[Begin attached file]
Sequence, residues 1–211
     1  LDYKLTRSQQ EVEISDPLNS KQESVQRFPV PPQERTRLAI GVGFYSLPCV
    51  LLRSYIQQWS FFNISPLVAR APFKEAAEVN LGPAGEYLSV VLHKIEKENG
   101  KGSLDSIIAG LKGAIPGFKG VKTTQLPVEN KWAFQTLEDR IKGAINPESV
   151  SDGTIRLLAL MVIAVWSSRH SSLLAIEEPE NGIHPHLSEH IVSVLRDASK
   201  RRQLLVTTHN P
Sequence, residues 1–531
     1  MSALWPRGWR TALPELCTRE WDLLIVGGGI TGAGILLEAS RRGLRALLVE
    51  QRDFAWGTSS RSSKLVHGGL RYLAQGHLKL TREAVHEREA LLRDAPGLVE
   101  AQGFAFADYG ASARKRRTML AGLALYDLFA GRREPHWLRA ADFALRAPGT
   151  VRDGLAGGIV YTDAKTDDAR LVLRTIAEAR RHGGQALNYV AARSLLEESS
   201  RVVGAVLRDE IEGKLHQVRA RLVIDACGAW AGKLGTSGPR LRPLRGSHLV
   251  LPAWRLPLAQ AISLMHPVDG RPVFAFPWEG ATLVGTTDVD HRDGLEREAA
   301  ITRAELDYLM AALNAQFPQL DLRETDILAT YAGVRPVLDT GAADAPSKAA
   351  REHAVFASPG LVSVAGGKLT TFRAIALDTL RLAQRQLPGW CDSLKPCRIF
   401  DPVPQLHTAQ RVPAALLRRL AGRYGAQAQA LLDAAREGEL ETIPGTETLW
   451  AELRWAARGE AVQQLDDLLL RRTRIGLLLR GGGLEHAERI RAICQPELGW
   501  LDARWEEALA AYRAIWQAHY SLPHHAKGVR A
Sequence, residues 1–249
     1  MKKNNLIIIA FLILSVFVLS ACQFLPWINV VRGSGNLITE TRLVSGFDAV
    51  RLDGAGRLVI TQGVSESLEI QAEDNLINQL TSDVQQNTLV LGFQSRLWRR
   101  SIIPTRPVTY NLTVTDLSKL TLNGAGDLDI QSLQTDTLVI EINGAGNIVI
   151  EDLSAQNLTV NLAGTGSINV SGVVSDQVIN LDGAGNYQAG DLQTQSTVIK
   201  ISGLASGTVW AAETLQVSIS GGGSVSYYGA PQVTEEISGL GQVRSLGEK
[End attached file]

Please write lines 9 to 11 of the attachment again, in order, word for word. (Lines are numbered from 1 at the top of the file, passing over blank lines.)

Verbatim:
    51  QRDFAWGTSS RSSKLVHGGL RYLAQGHLKL TREAVHEREA LLRDAPGLVE
   101  AQGFAFADYG ASARKRRTML AGLALYDLFA GRREPHWLRA ADFALRAPGT
   151  VRDGLAGGIV YTDAKTDDAR LVLRTIAEAR RHGGQALNYV AARSLLEESS